Race to Raise: Turner vs. Luby Ryan
Small businesswoman and interior designer Lisa Luby Ryan (R) will face off against trial attorney John Turner (D) to represent Texas House District 114 this November. The district, which encompasses North Dallas and Lake Highlands, is yet another DFW Metroplex legislative seat widely considered a toss-up.
The seat has long been held by Republicans, but Clinton won the district by 8.9 percentage points over Trump in 2016. Those results, along with increased Democrat energy for the midterms, have given Democrats hope that Turner can flip the seat from red to blue.
Turner boasts an impressive educational resume including degrees from both Harvard and Yale. As a law partner with Haynes and Boone, LLP, Turner represented 88 school districts who sued the state of Texas over its school finance system. Although Turner lost at the Texas Supreme Court, his involvement sparked an interest in running for office and garnered the support of groups advocating for increased state spending on public education.
Ryan has long been involved in local Republican politics, including having served as the President of the Park Cities Republican Women’s Club. She owns several small businesses in the district and has shared her story of abuse, abortion, divorce, and redemption on the well-known Christian outlet, I Am Second.
Here’s a quick look at the numbers:
|Texas House District 114 – By The Numbers|
|Lisa Luby Ryan (R)||John Turner (D)|
|Total Money Raised||$780,591.64||$574,236.26|
|Total Number of Donations||872||889|
|Average Donation Amount||$895.17||$645.94|
|Total Money Raised In-District||$377,483.93||$170,081.65|
|Total Number of Donations In-District||486||457|
|Percent of All Money Raised In-District||48.36%||29.62%|
|Total Money Raised Outside District||$403,107.71||$404,154.61|
|Total Number of Donations Outside District||386||432|
|Percent of All Money Raised Outside District||51.64%||70.38%|
|Total Expenditures in Primary||$295,919.21||$62,458.95|
|Total Votes in Primary||6,417||8,914|
|Cost Per Vote in Primary||$46.11||$7.01|
While Turner ran unopposed in the primary, Luby Ryan pulled off a surprising primary upset to oust three-term Republican incumbent House Representative Jason Villalba. Luby Ryan ran to the right of the more liberal Villalba, who is known for his opposition to Trump and his late night Twitter rants. Villalba has not endorsed Luby Ryan.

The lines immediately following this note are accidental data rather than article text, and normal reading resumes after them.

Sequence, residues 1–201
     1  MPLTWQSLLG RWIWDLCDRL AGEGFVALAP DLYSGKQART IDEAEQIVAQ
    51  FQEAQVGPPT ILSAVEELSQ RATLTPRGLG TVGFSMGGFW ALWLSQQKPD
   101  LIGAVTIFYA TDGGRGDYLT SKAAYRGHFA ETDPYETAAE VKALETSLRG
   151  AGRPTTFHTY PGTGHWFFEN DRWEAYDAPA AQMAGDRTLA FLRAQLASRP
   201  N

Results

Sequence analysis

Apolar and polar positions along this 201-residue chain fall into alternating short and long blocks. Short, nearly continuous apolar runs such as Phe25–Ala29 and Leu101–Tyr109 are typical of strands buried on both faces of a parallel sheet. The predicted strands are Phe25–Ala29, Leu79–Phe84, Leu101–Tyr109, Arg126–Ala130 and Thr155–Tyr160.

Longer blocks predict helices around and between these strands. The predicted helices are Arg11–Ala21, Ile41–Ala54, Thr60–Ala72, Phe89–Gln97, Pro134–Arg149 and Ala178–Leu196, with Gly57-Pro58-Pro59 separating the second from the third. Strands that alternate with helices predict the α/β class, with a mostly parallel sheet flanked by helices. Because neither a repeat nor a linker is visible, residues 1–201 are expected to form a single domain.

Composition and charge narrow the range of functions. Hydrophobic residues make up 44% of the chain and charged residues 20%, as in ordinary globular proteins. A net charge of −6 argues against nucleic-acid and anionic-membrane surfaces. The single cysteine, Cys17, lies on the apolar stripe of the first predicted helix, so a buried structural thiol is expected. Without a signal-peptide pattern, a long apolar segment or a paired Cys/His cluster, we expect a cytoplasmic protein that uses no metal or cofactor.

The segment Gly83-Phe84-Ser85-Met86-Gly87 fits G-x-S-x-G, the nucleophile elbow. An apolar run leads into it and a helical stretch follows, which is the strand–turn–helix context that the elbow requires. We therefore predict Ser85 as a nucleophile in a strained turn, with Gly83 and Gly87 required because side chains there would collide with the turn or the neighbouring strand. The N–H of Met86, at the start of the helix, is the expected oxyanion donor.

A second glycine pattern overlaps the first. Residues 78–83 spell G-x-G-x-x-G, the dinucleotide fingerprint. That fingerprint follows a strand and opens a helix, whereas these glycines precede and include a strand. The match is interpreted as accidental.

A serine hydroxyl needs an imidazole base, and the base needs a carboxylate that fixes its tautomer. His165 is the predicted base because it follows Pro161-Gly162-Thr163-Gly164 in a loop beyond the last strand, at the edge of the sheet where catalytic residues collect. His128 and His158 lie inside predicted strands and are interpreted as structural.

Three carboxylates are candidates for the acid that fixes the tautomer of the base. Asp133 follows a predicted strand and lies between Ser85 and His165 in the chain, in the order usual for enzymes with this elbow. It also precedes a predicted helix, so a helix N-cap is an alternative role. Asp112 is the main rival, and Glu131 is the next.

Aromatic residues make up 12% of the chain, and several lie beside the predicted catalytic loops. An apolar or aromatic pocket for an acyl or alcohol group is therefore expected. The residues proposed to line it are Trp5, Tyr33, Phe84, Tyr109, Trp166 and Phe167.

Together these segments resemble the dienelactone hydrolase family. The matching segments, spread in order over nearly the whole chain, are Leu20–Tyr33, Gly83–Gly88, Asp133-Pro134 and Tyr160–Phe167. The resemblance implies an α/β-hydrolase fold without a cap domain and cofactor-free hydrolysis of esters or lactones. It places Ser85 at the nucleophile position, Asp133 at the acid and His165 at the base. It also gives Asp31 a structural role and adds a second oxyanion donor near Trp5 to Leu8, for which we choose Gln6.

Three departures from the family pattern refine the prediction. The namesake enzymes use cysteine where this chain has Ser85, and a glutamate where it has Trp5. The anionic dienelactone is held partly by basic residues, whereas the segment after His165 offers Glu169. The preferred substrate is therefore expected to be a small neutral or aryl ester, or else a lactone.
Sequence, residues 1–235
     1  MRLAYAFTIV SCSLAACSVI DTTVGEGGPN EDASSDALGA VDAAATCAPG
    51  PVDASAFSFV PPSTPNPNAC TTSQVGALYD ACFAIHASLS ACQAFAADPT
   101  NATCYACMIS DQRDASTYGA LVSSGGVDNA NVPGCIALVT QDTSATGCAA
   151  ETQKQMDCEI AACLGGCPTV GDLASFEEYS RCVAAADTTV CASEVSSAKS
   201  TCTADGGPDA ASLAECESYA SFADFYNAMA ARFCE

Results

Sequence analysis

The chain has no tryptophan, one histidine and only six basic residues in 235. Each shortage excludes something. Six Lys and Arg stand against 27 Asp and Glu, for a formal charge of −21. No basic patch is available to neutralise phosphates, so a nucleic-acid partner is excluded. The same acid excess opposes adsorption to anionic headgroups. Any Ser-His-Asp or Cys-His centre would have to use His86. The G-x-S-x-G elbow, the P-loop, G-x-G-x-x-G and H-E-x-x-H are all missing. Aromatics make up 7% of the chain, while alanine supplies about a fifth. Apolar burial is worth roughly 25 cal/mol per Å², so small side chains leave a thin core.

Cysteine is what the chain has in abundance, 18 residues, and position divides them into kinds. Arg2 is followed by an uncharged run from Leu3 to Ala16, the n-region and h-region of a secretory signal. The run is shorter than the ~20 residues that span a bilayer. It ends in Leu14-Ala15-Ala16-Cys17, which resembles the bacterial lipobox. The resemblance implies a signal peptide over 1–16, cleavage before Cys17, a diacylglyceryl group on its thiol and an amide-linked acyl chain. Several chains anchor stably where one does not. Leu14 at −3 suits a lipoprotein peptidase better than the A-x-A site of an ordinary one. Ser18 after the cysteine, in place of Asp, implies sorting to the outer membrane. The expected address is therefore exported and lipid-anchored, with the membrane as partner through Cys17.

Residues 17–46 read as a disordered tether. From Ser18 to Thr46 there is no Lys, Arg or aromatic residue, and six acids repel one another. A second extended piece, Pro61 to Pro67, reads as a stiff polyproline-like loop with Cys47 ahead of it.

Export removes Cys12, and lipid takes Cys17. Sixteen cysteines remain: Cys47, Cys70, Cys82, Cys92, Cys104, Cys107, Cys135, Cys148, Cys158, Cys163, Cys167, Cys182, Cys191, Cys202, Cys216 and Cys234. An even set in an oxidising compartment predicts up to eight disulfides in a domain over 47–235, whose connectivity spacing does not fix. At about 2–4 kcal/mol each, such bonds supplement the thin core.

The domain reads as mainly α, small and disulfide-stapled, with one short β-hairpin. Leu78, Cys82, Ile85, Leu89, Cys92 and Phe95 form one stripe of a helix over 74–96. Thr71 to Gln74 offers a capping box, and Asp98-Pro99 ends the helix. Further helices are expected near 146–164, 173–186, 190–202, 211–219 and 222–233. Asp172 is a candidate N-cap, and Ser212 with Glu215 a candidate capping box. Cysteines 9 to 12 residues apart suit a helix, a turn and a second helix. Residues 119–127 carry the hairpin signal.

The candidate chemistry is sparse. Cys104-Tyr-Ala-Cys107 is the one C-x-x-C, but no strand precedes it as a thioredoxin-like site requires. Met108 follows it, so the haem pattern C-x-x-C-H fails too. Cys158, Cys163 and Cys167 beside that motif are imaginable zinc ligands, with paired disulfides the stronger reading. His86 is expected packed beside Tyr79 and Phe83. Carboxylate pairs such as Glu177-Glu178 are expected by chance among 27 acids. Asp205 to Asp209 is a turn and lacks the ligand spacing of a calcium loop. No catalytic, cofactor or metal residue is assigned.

Key Takeaways from the HD 114 Race:
- Governor Abbott Ponies Up Cash
With more than $27 million in his campaign account, many politicos have wondered whether Governor Greg Abbott would use some of that cash to support down-ballot Republicans who, unlike Abbott, are actually in close races. While he has not gotten involved in several other tight Metroplex match-ups, Abbott has endorsed Luby Ryan and donated $28,320.12 to her campaign.
- Texas Realtors PAC backs Turner
Texas realtors, via their two well-funded political PACs, are major players in Texas politics. Typically, the Texas Association of Realtors PAC supports candidates from Texas’s Liberal-Republican tribe. Their $26,000 donation to Turner may suggest they find Luby Ryan too conservative for their liking.
- All Shades of Red Support the Decorator
Republicans from all corners of the party are contributing to Luby Ryan’s campaign. Her donor list includes conservatives Texas Right to Life PAC ($36,275.00) and Catherine Taylor ($10,000.00), moderates Texans for Lawsuit Reform ($35,659.75) as well as Lisa and Kenny Troutt ($15,000.00), and even more liberal Republicans such as former State Sen. John Carona ($9,00.00) and G. Brint Ryan ($50,000.00).
Before you go…
John Turner’s father, Jim Turner, was a Texas House Representative, State Senator, and U.S. Congressman during the nineties and early 2000s. Even though the elder Turner has been out of office for 14 years, he still had enough cash in his congressional campaign account to be the top contributor to his son’s Texas House bid, donating $95,000.00.
Our Race to Raise series takes a deeper look at the most high-profile races of the election cycle, focusing specifically on money raised by those seeking to serve in public office. Stay tuned for the next installment.